Below, you will find a table that displays compensation brackets from the JCG. This list isn’t extensive and should not be treated as a guarantee; instead, it should be looked at as a guide. For a personalised compensation estimation of your injuries, contact our advisors today.
|Severe Neck Injury (a) (i)||In the region of £148,330||Severe headaches will affect the injured person despite wearing a collar for a period of years after injury.|
|Moderate Neck Injury (b) (i)||£23,990 to £38,490||Neck fractures and dislocations in this bracket cause chronic conditions and may necessitate spinal fusion.|
|Chest Injury (b)||£65,740 to £100,670||Traumatic injury to the chest causes permanent damage, physical disability and reduces life expectancy.|
|Chest Injury (d)||£12,590 to £17,960||A single penetrating chest wound or another relatively simple injury that causes permanent tissue damage without long-term effect on the lungs.|
|Wrist Injury (b)||£24,500 to £39,170||Some useful movement in the wrist remains, but significant disabilities will result from injury.|
|Wrist Injury (c)||£12,590 to £24,500||A degree of stiffness and persisting pain with other permanent disability may persist after a less severe injuries.|
|Severe Shoulder Injury (a)||£19,200 to £48,030||Serious brachial plexus injuries associated with neck injuries cause significant symptoms in the neck and/or arms.|
|Serious Shoulder Injury (b)||£12,770 t0 £19,200||Shoulder dislocation and lower brachial plexus damage cause sensory symptoms in the forearm, weakness of grip and restricted shoulder movement.|
|Serious Foot Injury (e)||£24,990 to £39,200||Foot injuries with continuous pain, prolonged treatment and risk of fusion surgery.|
|Moderate Foot Injury (f)||£13,740 to £24,990||Deformity alongside other symptoms are caused by displaced metatarsal fractures within the foot. Future surgery may be required.|
Claiming For Special Damages In A Workplace Injury Claim
If your workplace accident in which you were injured led to you suffering financial losses, you could seek compensation for these through special damages. This can include any losses that directly occurred as a result of your injuries. For example:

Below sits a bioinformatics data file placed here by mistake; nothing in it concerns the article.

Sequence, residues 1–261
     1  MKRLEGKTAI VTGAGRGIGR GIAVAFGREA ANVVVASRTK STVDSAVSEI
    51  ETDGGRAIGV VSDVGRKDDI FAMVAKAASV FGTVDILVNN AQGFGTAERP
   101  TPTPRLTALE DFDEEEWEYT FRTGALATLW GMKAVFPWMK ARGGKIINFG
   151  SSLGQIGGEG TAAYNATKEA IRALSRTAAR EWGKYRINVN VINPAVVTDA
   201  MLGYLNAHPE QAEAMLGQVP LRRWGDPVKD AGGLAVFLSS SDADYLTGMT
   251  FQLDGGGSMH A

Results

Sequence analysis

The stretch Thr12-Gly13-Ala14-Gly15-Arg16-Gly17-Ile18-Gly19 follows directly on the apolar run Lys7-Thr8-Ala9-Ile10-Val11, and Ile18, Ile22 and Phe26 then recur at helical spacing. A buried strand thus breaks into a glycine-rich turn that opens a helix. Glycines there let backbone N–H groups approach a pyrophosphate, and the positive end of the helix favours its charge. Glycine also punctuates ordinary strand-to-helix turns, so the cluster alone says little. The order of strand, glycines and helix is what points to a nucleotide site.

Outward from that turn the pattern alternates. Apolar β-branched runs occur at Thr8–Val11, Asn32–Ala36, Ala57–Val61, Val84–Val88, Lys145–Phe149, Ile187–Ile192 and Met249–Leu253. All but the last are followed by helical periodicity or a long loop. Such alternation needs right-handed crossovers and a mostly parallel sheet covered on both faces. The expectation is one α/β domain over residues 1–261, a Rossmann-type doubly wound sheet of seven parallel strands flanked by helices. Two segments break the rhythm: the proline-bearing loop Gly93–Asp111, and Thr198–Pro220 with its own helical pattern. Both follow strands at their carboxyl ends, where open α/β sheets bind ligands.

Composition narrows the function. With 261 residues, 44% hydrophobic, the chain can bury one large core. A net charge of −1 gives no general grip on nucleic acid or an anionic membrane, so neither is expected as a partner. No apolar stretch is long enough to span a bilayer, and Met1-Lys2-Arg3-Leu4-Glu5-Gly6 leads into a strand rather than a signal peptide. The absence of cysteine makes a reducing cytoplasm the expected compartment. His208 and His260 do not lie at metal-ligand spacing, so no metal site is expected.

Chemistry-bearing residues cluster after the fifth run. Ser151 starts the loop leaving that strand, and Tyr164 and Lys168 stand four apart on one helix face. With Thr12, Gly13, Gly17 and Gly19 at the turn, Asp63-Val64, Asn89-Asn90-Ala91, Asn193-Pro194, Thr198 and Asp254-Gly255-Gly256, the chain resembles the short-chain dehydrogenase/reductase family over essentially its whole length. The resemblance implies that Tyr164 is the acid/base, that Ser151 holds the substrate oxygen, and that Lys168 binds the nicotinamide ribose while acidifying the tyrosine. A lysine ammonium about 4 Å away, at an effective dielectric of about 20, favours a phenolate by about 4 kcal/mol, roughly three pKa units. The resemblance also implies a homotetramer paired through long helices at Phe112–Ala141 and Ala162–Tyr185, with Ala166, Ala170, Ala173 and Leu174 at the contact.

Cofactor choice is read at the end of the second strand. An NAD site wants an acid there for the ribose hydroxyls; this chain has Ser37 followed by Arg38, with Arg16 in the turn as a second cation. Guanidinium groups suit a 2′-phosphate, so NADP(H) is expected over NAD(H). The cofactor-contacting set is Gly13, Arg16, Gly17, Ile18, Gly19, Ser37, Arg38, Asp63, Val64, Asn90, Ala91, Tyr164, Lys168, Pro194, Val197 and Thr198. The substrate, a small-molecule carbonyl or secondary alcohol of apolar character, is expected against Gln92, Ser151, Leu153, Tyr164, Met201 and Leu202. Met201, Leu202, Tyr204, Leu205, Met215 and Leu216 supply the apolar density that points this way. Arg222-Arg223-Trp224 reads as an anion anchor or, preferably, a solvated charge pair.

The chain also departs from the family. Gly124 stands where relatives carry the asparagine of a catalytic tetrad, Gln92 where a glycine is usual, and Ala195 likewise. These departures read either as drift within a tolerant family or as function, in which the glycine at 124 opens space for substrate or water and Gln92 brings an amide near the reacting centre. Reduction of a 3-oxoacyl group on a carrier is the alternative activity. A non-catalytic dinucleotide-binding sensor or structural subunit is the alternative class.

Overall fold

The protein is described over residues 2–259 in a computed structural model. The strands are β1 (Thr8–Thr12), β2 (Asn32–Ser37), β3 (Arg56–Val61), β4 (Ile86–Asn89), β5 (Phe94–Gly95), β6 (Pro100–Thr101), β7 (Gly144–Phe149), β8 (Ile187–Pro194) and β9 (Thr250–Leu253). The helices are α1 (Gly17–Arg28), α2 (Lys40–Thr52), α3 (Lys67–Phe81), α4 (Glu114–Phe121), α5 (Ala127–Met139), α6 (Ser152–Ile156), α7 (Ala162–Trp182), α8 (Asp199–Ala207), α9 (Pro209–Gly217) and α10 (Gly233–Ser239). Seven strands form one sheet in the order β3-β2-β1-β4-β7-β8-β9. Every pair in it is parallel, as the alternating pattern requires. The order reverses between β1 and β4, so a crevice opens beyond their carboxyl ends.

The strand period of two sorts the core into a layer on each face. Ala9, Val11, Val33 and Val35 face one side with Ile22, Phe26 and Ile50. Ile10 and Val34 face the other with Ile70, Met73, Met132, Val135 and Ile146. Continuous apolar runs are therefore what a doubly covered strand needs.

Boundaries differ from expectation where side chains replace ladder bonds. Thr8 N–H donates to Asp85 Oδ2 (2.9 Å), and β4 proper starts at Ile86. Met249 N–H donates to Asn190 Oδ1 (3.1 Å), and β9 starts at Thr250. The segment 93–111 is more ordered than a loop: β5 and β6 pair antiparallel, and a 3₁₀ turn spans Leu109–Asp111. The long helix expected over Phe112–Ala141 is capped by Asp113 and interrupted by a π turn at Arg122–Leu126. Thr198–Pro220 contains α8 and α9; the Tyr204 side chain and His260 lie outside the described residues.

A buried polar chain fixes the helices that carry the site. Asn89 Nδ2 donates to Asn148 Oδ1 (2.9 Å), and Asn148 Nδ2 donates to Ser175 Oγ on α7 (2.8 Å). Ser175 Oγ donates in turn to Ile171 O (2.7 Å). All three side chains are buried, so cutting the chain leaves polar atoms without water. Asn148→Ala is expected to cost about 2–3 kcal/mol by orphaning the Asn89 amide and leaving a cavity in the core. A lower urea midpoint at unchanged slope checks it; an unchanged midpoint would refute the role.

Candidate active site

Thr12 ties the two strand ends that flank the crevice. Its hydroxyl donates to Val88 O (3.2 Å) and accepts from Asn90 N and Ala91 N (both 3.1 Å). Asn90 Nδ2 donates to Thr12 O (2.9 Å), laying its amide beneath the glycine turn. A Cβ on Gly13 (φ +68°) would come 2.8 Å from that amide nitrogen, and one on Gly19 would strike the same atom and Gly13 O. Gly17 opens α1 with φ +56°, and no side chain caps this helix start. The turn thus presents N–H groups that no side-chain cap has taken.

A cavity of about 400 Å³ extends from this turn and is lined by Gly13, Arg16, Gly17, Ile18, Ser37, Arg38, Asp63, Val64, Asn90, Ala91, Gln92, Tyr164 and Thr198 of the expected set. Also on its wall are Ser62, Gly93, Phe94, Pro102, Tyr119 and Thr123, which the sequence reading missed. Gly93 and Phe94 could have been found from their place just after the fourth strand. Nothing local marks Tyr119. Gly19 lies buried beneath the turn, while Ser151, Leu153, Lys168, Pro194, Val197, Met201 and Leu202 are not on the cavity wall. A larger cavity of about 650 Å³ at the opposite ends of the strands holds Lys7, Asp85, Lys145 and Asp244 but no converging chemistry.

- Travel expenses
- Alterations to your home, such as widened doorways for wheelchair access
- Loss of earnings
- Care costs
As with all aspects of your claim, you must provide evidence that employer negligence caused damages in order to seek compensation. For evidence of financial losses, you should keep all receipts, prescriptions and payslips that may relate to your case.
See below for a further discussion on providing valid evidence. Alternatively, you can call our team using the banner above for further support.
You must provide valid evidence of employer negligence in order to prove a personal injury claim. For example, you could collect:
- A copy of the log report in the accident workbook
- CCTV footage of the accident
- Details of witnesses
- Medical evidence, including copies of scans and hospital reports
A solicitor could help you in the process of collecting evidence. Our team can support you with free legal advice. Furthermore, if they feel you have a valid claim, they could connect you with a No Win No Fee solicitor from our panel.
You might benefit from working with a No Win No Fee solicitor. Specifically, you could work with a solicitor from our panel with a kind of No Win No Fee agreement called a Conditional Fee Agreement.
With this in place, you typically aren’t required to pay your lawyer for the work they’ve done if your claim doesn’t result in you being awarded compensation. If you are awarded compensation, your solicitor will deduct a success fee from your settlement award. This fee is capped to ensure you keep most of the payout.
If your claim holds a chance of success, our advisors can connect you with a solicitor from our panel. Your solicitor will discuss the aspects of a No Win No Fee claim before you agree to move ahead with your case.
To start the claims process for a breach of health and safety at work, contact us today.
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Writer Jess Angler
Publisher Fern Stringer